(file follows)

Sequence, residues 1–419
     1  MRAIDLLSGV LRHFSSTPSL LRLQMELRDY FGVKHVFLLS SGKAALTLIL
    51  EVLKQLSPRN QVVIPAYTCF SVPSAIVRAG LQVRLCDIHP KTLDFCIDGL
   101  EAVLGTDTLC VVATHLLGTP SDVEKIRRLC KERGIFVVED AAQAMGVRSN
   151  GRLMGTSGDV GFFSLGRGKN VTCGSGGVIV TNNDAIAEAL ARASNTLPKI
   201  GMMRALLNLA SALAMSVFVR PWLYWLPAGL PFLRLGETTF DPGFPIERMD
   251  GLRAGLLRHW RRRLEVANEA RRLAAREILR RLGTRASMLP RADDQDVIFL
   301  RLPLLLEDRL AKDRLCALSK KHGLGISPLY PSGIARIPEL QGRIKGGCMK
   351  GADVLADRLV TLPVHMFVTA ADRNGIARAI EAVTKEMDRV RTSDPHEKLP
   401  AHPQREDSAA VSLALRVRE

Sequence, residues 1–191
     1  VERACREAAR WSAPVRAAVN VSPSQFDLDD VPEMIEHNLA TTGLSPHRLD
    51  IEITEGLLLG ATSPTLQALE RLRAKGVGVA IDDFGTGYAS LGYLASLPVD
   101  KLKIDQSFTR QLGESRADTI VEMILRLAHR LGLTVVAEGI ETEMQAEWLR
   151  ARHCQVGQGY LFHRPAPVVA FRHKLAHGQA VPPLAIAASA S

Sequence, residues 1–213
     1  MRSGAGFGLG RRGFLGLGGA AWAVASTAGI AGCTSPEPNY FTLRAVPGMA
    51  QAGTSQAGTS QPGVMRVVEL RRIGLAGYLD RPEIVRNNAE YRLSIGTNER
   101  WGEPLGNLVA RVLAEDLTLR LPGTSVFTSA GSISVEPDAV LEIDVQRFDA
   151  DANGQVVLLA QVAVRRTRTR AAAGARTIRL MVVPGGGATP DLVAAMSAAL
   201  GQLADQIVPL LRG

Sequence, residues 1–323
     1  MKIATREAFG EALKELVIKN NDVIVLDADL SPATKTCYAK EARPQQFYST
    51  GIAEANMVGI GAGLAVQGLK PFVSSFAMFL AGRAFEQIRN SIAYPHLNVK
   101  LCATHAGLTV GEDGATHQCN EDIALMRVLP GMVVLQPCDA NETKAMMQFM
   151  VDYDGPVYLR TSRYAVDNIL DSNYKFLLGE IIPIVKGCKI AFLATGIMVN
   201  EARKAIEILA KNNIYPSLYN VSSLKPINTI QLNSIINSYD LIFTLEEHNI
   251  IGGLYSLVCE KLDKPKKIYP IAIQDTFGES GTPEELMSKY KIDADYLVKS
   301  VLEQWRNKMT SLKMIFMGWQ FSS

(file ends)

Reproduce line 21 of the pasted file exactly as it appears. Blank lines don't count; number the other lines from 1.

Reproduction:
   201  GQLADQIVPL LRG